Tigers could be extinct within 12 years: WWF

Oct 21, 2010
A captive Sumatran tiger roams through its enclosure at Jakarta's Ragunan Zoo. Tigers could become extinct within 12 years but a top level meeting in Russia next month could help reverse the decline, according to the WWF nature conservation body.

Tigers could become extinct within 12 years but a top level meeting in Russia next month could help reverse the decline, nature conservation body WWF said on Thursday.

"The worse scenario is that the could be gone when the next year of the tiger comes along, in 12 years," said Ola Jennersten, head of the international nature conservation programme at WWF Sweden.

The organisation is leading a global campaign to attempt to double the number of tigers by 2022, when the next Chinese calendar year of the tiger comes around.

WWF said that in the last century, illegal hunting, a shrinking habitat and the trade of tiger parts used in oriental medicine had sent the number of the big cats worldwide plunging 97 percent to around just 3,200 tigers today.

"Despite the gloomy figures, the situation is more hopeful than ever," Jennersten said, praising a political initiative of 13 'tiger states' and different bodies set to meet in Russia on November 21-24 in a bid to halt possible of the species.

"This will be achieved through increased political involvement, focus on the tiger landscapes that have the greatest chance of long term retention of the tiger, and increased control of tiger trade," he said.

Russian Prime Minister Vladimir Putin, who in the past years has made a big show of his love for nature, publicly kissing animals and engaging in a string of stunts involving wildlife including tigers, is expected to attend the summit in Saint Petersburg.

WWF said some 1,800 tigers live in India, Nepal, Bhutan and Bangladesh, 450 live in , 400 in Malaysia, 350 are spread throughout southeast Asia and around 450 live in the wild in Russia.

Explore further: Law of the Sea authorizes animal tagging research without nations' consent

add to favorites email to friend print save as pdf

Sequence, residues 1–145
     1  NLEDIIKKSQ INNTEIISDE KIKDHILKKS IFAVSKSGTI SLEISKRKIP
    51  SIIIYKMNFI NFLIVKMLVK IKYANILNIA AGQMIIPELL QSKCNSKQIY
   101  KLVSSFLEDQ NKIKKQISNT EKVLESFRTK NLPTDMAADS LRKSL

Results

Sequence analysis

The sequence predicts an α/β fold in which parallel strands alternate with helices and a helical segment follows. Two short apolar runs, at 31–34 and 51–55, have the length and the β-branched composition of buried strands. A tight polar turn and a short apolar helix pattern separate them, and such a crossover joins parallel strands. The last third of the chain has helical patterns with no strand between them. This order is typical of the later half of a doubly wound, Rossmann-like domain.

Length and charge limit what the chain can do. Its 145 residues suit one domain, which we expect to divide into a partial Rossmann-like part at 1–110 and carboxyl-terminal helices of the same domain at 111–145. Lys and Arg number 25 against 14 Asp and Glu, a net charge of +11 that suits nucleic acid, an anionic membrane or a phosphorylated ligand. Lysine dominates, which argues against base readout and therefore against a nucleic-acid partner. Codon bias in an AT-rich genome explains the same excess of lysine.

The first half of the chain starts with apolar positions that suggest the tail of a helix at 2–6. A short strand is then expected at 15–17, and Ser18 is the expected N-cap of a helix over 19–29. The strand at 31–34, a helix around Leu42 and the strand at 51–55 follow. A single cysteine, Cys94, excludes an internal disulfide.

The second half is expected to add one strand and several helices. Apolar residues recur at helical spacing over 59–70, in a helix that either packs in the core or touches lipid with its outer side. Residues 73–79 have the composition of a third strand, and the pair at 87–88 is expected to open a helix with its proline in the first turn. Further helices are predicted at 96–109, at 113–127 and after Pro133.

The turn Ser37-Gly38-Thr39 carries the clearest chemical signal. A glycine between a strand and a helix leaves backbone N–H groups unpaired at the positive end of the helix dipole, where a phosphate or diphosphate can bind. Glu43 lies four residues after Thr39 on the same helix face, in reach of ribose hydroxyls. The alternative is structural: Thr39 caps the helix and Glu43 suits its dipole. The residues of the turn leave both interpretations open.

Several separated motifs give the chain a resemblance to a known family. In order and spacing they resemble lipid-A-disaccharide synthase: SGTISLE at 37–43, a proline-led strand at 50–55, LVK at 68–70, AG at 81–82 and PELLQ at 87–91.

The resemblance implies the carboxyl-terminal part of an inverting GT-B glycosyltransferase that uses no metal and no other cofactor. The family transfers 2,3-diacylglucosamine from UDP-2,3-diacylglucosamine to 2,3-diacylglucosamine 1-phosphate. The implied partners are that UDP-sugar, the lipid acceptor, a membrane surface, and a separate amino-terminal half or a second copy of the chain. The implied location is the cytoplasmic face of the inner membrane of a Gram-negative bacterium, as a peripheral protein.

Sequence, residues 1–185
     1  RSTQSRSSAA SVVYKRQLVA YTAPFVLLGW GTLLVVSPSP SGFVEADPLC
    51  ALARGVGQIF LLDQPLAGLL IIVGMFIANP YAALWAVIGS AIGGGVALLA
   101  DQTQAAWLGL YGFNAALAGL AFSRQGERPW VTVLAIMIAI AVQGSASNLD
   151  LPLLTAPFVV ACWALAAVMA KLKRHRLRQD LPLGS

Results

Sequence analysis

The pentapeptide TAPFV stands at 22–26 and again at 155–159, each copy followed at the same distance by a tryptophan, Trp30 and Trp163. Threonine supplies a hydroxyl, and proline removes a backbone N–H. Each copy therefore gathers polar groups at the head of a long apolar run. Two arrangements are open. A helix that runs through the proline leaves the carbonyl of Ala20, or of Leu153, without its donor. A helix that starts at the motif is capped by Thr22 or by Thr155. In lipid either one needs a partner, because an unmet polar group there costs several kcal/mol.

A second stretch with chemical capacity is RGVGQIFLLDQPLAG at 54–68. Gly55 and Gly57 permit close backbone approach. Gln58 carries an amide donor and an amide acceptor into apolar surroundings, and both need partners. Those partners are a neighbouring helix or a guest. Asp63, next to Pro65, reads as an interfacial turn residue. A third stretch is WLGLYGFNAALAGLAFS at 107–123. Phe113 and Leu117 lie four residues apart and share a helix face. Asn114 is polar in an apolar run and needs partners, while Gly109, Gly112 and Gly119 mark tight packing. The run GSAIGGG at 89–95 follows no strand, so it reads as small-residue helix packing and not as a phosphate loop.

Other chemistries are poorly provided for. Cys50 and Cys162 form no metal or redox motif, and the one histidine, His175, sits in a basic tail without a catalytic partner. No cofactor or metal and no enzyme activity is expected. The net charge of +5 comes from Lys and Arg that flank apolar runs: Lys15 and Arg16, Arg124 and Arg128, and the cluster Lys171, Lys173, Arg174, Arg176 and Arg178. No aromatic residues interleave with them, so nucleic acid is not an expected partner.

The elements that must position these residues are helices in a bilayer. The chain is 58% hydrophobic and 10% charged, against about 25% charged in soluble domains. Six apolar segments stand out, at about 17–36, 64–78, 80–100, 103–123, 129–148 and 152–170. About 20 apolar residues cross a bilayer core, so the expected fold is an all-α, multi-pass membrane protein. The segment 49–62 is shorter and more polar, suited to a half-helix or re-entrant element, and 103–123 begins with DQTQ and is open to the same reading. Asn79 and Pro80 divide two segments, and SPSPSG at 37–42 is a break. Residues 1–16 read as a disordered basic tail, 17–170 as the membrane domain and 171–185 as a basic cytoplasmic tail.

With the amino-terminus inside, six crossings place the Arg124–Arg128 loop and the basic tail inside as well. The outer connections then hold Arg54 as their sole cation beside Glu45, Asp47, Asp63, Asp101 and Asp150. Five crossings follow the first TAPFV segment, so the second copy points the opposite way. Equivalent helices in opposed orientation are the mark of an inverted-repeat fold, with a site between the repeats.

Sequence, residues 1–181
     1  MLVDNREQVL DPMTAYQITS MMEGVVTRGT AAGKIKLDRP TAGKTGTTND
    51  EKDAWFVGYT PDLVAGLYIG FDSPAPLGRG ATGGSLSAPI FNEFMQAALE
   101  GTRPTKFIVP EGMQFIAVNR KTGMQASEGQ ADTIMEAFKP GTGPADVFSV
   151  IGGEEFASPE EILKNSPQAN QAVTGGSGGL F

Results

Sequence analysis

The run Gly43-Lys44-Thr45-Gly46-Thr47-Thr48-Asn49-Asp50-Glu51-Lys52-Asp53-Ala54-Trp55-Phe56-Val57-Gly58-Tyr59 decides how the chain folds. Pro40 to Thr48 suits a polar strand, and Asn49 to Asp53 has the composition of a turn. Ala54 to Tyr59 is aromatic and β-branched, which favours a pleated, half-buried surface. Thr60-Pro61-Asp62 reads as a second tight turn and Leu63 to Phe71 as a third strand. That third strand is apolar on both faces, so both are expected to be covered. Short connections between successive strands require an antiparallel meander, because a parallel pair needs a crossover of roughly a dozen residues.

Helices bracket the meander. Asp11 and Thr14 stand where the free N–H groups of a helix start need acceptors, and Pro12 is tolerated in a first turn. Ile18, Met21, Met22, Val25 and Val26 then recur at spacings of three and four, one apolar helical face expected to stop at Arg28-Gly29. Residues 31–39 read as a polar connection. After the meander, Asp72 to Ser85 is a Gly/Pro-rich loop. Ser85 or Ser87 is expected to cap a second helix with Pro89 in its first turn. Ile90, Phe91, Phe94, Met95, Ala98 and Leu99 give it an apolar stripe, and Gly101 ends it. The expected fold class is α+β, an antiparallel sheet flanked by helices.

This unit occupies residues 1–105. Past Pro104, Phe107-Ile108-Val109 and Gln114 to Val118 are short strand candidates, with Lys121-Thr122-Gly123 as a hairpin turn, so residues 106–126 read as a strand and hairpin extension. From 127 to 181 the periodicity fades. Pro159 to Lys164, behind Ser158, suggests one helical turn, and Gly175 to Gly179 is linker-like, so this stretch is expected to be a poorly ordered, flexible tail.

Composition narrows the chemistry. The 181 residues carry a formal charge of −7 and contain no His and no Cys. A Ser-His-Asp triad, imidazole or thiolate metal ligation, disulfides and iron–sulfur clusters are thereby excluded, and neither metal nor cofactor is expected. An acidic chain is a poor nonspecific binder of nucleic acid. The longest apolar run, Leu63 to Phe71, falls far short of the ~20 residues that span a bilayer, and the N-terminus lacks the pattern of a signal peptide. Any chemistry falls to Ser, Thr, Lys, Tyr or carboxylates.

Related Stories

Nepal expands critical tiger habitat

Oct 27, 2009

The Government of Nepal announced today an expansion of Bardia National Park in the Terai Arc Landscape by 900 sq km, which will increase critical habitat for tigers.

Decline in Russian tigers renews calls to end all trade

Oct 19, 2009

A shocking decline in the Russian Federation's wild tiger population highlights the importance of eliminating trade in and demand for tiger parts, the International Tiger Coalition (ITC) said today. The alliance of 40 organizations ...

'Fewer than 50 wild tigers' left in China

Feb 08, 2010

Fewer than 50 wild tigers remain in China, a conservation group said Monday, voicing hope that the Year of the Tiger would not be the last for the endangered cats.

Viable tiger populations, tiger trade incompatible

Jun 05, 2007

In the cover story of this month’s BioScience journal, leading tiger experts warn that if tigers are to survive, governments must stop all trade in tiger products from wild and captive-bred sources, as well as ramp up eff ...

Recommended for you

How can we help endangered vultures?

Oct 24, 2014

Zoologists from the School of Natural Sciences at Trinity College Dublin are proposing an ingenious idea to help conserve populations of African white-backed vultures. The iconic birds, which play a critical ...

Scientists work to save endangered desert mammal

Oct 24, 2014

Amargosa voles, small rodents that inhabit rare marshes of the Mojave Desert, have faced dire circumstances in recent years. Loss of habitat, extreme drought and climate change brought this subspecies of ...

User comments : 0